The chief economist of the European Central Bank has warned there is “no room for complacency” on the eurozone’s economic rebound from the coronavirus pandemic, as the rising euro drags on inflation. 

“Inflation remains far below the aim and there has been only partial progress in combating the negative impact of the pandemic on projected inflation dynamics,” Philip Lane said in a blog published on Friday. “The recent appreciation of the euro exchange rate dampens the inflation outlook.”

His remarks dialled back the more upbeat tone struck a day earlier by ECB president Christine Lagarde, who some analysts said had sounded too optimistic.

The euro has risen 10 per cent against the US dollar since March. While this partly reflects a more positive outlook for the eurozone, economists say it could also drag inflation down by lowering import prices and reducing the competitiveness of the bloc’s exports.

Data published last week showed that the eurozone has slid into deflation for the first time in four years; headline consumer price inflation was minus 0.2 per cent in August, down from an increase of 0.4 per cent the previous month.

On Thursday, Ms Lagarde upgraded the ECB’s gross domestic product and inflation forecasts and said the central bank had not discussed expanding its bond-buying scheme, but it was monitoring the euro. This helped to push the euro above $1.19 against the dollar, before it retrenched.

Mr Lane’s blog was interpreted by analysts as an attempt to adjust the serene impression given by Ms Lagarde’s comments on Thursday.

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Mr Lane “sounds much more alarmist than [Ms] Lagarde did yesterday”, said Carsten Brzeski, economist at ING.

He compared Mr Lane’s latest blog with a post he published in March in an attempt to clarify Ms Lagarde’s comment that it was not the ECB’s role to “close the spread” between Italian and German bond yields, which triggered a sell-off in bond markets.

“It is indeed another attempt to correct the message from a governing council meeting already less than 24 hours later,” Mr Brzeski said.

Later on Friday, Ms Lagarde echoed Mr Lane’s message, saying: “Our accommodative monetary policy needs the support of fiscal policy, and none of us can afford complacency in the present time.”

Other senior ECB policymakers who spoke publicly on Friday also highlighted the impact of the rising euro. François Villeroy de Galhau, governor of the Banque de France and ECB council member, said in a speech: “We don’t target exchange rates. But obviously the exchange rate does matter for inflation and monetary policy.”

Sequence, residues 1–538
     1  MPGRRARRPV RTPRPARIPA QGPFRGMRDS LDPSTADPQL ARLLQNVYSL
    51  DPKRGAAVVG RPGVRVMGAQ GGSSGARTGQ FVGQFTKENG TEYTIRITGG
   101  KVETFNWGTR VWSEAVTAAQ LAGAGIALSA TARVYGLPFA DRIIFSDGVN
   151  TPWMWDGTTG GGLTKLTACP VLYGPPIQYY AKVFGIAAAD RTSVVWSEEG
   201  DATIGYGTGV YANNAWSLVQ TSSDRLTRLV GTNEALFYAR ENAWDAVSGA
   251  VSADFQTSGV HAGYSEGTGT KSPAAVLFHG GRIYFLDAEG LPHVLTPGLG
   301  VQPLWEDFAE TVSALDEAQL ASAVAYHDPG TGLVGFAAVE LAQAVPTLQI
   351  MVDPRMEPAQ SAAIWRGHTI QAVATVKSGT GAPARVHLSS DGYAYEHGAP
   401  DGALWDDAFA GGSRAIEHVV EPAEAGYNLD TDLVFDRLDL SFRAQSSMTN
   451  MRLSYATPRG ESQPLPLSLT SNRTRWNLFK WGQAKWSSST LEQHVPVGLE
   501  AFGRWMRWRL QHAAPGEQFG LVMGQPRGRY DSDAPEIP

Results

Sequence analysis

However, Vitas Vasiliauskas, head of the Lithuanian central bank, played down the importance of the rising euro, saying: “We should watch it, but historically it’s not that exceptional.”

Policymakers’ efforts to highlight the consequences of the rising euro suggested rising discord in the ECB governing council over whether more monetary stimulus would be required, Mr Brzeski said: “This pretty much looks like a split in the governing council.”

Lena Komileva, chief economist at G+ Economics, said: “The many voices of the governing council today send a signal that policymakers are still searching for the common ground on how to respond to the exchange rate.”

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Mr Lane indicated the ECB would decide later this year whether more stimulus was needed once there was more clarity on the strength of the economic recovery, the direction of the euro, the spending plans of governments and the fate of Brexit talks. 

“Over the coming months, a richer information set will become available that will help to inform the calibration of monetary policy,” the ECB chief economist wrote.

Frederik Ducrozet, strategist at Pictet Wealth Management, said: “The problem with [Mr] Lane’s clarification is that it suggests he may have failed to impose his views upon the governing council . . . challenging the view that the monetary stance will be adjusted again in December.”

Most economists expect the ECB to expand its €1.35tn emergency bond-buying programme as early as December if inflation shows little sign of bouncing back. Mr Ducrozet said this was “still my baseline, but upcoming data will be more important than before”.

Via Financial Times